Second, determine the fishing gear you’ll need. This really depends on what species of fish you’ll be pursuing, but it’s probably best to start off simple, especially if you’ll be fishing with children.

You can get started with relatively inexpensive gear to pursue some of the state’s more abundant and aggressive fish species. That includes those in the sunfish family such as bluegill and pumpkinseed. See the graphic on Page 26 for more on basic gear.

As you hone your skills with practice and experience, there’s plenty of gear for upgrading, as well as more challenging fish species to pursue.

Bait can also be simple. A good all-around bait is a worm or nightcrawler, as many of  Wisconsin’s fish species love to eat them.

You can even find your own bait and make that part of the fishing adventure — searching for nightcrawlers at night after a warm rain was always fun when I was a kid! Or try minnows, leeches and a variety of other natural bait, plus any number of artificial varieties.

GW_CharlieCameronFMFishing_2008.JPGJ. SULLIVAN


Thanks to the Public Trust Doctrine written into the State Constitution (article IX, section 1), Wisconsin’s lakes and rivers are public resources owned in common by the people of Wisconsin. This allows everyone in the state the right to boat and fish on all “navigable waters.”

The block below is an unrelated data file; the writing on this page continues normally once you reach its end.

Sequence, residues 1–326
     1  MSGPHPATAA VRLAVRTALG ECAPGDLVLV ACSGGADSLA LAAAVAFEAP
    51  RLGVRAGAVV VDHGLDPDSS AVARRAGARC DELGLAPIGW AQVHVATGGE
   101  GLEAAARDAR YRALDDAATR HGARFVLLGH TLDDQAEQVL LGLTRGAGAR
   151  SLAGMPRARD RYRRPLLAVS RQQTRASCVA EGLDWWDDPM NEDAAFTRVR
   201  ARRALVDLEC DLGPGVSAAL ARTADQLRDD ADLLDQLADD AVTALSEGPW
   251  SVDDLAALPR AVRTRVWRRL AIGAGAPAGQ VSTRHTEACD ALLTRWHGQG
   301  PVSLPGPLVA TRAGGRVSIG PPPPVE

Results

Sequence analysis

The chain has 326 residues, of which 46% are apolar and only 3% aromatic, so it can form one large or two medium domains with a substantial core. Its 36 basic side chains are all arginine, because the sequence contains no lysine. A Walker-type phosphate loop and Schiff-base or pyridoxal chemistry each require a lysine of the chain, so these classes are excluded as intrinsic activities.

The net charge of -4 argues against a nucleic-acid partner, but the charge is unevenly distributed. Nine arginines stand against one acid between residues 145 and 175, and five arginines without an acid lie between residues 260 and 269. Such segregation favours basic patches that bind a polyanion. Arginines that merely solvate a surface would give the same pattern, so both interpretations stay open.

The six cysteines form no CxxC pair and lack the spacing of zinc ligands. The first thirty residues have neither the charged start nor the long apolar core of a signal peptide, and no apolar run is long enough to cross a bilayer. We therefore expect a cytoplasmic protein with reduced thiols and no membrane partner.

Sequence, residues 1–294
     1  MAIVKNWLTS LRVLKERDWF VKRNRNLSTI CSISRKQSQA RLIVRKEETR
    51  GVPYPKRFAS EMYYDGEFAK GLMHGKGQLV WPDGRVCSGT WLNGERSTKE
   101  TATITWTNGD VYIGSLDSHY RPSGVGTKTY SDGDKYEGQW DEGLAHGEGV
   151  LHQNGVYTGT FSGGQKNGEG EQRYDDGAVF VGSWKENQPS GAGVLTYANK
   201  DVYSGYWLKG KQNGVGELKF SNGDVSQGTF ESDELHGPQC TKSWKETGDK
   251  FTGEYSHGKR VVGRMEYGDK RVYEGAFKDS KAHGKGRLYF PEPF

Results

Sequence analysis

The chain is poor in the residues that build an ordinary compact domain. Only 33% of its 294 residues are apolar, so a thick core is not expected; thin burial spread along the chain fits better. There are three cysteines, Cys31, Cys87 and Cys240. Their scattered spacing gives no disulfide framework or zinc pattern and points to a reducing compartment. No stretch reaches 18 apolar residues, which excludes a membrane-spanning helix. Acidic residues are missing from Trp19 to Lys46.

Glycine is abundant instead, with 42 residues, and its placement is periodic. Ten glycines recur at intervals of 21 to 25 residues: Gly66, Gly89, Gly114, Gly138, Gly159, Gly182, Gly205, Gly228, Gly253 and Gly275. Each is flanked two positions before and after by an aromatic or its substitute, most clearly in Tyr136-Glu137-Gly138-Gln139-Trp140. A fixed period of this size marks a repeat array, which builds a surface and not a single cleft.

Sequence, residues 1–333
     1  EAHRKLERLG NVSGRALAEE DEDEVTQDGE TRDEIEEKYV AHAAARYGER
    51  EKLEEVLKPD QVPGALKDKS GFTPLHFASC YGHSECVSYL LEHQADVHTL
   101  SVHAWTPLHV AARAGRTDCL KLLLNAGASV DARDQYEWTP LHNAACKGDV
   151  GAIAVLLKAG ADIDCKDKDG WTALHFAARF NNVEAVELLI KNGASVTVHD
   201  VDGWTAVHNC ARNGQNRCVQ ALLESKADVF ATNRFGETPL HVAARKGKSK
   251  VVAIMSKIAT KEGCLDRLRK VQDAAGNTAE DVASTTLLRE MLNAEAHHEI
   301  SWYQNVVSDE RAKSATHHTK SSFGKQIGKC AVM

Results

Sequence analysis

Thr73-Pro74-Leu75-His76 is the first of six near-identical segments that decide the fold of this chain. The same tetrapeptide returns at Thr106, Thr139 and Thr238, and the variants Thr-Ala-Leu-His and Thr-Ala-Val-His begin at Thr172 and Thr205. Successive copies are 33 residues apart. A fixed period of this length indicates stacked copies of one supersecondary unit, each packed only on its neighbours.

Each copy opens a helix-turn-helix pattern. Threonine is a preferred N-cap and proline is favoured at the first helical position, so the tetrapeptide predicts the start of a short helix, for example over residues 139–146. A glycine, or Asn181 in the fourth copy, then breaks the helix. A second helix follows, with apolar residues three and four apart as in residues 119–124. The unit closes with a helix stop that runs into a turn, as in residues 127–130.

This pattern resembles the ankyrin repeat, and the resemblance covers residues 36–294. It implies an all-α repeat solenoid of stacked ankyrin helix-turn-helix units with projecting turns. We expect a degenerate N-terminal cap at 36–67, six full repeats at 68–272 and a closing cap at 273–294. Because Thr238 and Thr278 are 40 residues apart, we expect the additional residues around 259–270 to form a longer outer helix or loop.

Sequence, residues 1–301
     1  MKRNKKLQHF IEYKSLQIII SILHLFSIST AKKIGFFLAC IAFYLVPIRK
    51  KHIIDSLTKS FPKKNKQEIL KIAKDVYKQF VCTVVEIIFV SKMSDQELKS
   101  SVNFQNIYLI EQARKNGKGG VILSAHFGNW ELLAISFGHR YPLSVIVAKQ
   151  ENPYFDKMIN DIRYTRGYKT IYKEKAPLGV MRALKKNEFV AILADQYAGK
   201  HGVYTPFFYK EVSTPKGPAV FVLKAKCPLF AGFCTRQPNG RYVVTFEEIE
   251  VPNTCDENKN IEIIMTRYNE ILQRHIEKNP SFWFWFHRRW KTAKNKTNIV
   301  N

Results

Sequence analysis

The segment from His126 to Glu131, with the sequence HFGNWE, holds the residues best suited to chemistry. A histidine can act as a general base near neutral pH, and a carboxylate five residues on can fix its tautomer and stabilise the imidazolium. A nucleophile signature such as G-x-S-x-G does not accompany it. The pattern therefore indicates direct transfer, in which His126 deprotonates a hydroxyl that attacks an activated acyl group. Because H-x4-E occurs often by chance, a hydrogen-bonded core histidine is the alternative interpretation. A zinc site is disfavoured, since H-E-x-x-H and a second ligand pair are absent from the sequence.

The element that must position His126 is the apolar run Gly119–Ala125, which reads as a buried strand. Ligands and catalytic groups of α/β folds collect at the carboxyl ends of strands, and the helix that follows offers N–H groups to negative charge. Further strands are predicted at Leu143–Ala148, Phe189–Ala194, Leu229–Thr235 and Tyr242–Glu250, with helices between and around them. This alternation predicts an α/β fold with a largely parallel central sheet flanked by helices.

On many of  Wisconsin’s beautiful lakes, rivers and streams, there’s some form of public access. The DNR website is one way to find publicly accessible fishing areas near you, including great spots to take children, accessible spots for those with mobility issues and great urban fishing locations. Go to and search “places to fish.”

The DNR also has a Stream Bank Protection Program that purchases property easements from private landowners to provide public fishing opportunities while also protecting critical stream bank habitats and water quality.

Specific public easement locations can be found by accessing Public Access Lands information here.

Once you find a spot, just be sure to read the signs at the trailheads, access sites or parking lots, and familiarize yourself with state and local laws and ordinances that might affect your use of these public lands.

Remember to be safe around the water. If you’re fishing from a boat, wear a life jacket, which is required by federal law for children under the age of 13 on federally controlled waters. And follow all other boating safety rules —

Even when fishing from shore, it’s a good idea to wear a life jacket, especially for young children who can’t yet swim.


Wisconsin is home to more than 160 species of fish. Check out a few of the most commonly caught species here. That website has plenty of information, including details on common species, state fish records and resources to help you identify fish — the "Match Your Catch" Fish Wildcards are a hit with kids.